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Hawkins’ bill to help tow-truck operators moves to state House (WA)


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OLYMPIA — After getting stuck with $15,000 in costs last year for answering a call from law enforcement to remove a truck that had landed in a creek, Randy Houston, owner of Randy’s Auto Parts and Towing, suggested a change in the law was in order.

 

His idea turned into Senate Bill 5406, a bipartisan bill introduced by 12th District Sen. Brad Hawkins, which passed the Senate Tuesday in a 47-1 vote and is now headed to the House.

 

If approved, registered tow-truck operators dispatched by state or local agencies could bring civil action against owners or insurance companies to cover unpaid costs on calls stemming from negligence or illegal operation of a vehicle on a public highway. The covered costs would apply to vehicle recovery, impound and storage fees, as well as costs associated with incident response and traffic control.

 

Houston, who has offices in Wenatchee, Okanogan and Ephrata, spoke with Hawkins about the ongoing problem and testified in favor of the proposed bill. He shared, as an example, the call in February 2020 to recover a truck that had landed in a creek near Coulee Dam after losing its brakes, hitting a building and crashing through a guardrail.

 

“We got called to get the truck out of the creek to stop the pollution,” Houston said. “I called 20 people out to get there as fast as we could with the equipment we needed. As soon as I get a call, the checkbook opens and I start writing checks. I have to hire people, outside equipment, trailers.”

 

The insurance company later denied payment for the towing operation, saying the crashed truck owner’s collision coverage had lapsed and towing services are not covered by the liability insurance that would cover damage to the building and the guardrail. Houston then tried to collect from the truck owner, but the company, by then, had disbanded. His only other opportunity to cover costs was in the sale of the abandoned vehicle at auction, but it had no takers, which wasn’t surprising, given it had flipped several times on its way down the bank, leaving nothing much to bid on.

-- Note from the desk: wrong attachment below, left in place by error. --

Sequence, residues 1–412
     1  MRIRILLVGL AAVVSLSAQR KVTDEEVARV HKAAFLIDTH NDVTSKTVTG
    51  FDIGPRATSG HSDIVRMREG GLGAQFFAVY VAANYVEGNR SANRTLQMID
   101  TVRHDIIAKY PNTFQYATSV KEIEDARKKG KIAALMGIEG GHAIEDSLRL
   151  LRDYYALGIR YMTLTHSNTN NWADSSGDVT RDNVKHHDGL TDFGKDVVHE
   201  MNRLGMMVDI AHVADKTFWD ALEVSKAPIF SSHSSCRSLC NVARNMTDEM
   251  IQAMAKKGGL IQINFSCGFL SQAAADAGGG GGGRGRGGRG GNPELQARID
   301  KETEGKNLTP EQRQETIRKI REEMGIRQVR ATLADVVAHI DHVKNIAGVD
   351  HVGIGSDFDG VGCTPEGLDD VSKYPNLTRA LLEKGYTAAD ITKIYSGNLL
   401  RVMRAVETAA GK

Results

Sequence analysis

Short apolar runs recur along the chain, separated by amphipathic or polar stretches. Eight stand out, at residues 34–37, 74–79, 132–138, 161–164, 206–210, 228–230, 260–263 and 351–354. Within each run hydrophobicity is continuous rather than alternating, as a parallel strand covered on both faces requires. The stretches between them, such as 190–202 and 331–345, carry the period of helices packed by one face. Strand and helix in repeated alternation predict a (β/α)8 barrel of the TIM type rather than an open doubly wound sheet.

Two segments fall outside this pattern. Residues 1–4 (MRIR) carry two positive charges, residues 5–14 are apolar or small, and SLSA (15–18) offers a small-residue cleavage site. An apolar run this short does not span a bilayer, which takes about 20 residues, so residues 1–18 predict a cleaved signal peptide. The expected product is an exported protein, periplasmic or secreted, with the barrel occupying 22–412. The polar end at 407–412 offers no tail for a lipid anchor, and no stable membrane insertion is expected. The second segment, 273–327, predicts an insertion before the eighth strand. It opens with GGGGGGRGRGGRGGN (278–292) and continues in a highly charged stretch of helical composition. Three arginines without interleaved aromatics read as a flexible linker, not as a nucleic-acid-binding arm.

Responding to that particular call left Randy’s Towing about $15,000 in the hole, Houston said, one of hundreds of unpaid calls for service incurred by registered towing companies statewide responding to call outs from law enforcement agencies. His company, which handles about $1 million worth of towing a year, writes off $50,000 to $100,000 in unpaid fees, he said.

 

Houston said he believes allowing tow companies to seek damages through civil action would help recover most of those losses.

 

“These tow-truck operators are helping to provide a great service throughout our state,” Hawkins said. “These are often local, small businesses whose owners are trying to put food on their tables just like the rest of our families. They shouldn’t be stuck with the bill. That’s not right. If this keeps up, they might just say no if it looks like a situation where they won’t recover their costs. That would be a bad outcome for everyone.”

 

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